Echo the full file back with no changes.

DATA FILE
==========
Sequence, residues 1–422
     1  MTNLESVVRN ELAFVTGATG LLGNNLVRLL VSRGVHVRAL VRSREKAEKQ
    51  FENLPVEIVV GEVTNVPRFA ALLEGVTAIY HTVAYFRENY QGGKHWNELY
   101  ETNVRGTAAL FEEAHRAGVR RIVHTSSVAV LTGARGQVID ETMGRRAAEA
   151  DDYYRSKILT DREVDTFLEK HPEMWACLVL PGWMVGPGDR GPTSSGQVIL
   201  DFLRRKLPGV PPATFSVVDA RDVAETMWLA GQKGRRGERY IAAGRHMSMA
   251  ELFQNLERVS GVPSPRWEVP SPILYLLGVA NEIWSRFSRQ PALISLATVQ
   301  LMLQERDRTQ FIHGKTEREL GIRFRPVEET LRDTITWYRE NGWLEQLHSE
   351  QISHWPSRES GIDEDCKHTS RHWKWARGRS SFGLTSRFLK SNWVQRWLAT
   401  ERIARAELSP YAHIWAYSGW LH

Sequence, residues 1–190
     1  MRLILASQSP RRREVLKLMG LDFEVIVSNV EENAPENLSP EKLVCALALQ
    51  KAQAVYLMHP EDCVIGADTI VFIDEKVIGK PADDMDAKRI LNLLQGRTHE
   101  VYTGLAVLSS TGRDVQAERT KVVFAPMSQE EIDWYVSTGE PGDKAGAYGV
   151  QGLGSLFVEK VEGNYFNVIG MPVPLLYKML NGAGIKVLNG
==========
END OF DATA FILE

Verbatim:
Sequence, residues 1–422
     1  MTNLESVVRN ELAFVTGATG LLGNNLVRLL VSRGVHVRAL VRSREKAEKQ
    51  FENLPVEIVV GEVTNVPRFA ALLEGVTAIY HTVAYFRENY QGGKHWNELY
   101  ETNVRGTAAL FEEAHRAGVR RIVHTSSVAV LTGARGQVID ETMGRRAAEA
   151  DDYYRSKILT DREVDTFLEK HPEMWACLVL PGWMVGPGDR GPTSSGQVIL
   201  DFLRRKLPGV PPATFSVVDA RDVAETMWLA GQKGRRGERY IAAGRHMSMA
   251  ELFQNLERVS GVPSPRWEVP SPILYLLGVA NEIWSRFSRQ PALISLATVQ
   301  LMLQERDRTQ FIHGKTEREL GIRFRPVEET LRDTITWYRE NGWLEQLHSE
   351  QISHWPSRES GIDEDCKHTS RHWKWARGRS SFGLTSRFLK SNWVQRWLAT
   401  ERIARAELSP YAHIWAYSGW LH

Sequence, residues 1–190
     1  MRLILASQSP RRREVLKLMG LDFEVIVSNV EENAPENLSP EKLVCALALQ
    51  KAQAVYLMHP EDCVIGADTI VFIDEKVIGK PADDMDAKRI LNLLQGRTHE
   101  VYTGLAVLSS TGRDVQAERT KVVFAPMSQE EIDWYVSTGE PGDKAGAYGV
   151  QGLGSLFVEK VEGNYFNVIG MPVPLLYKML NGAGIKVLNG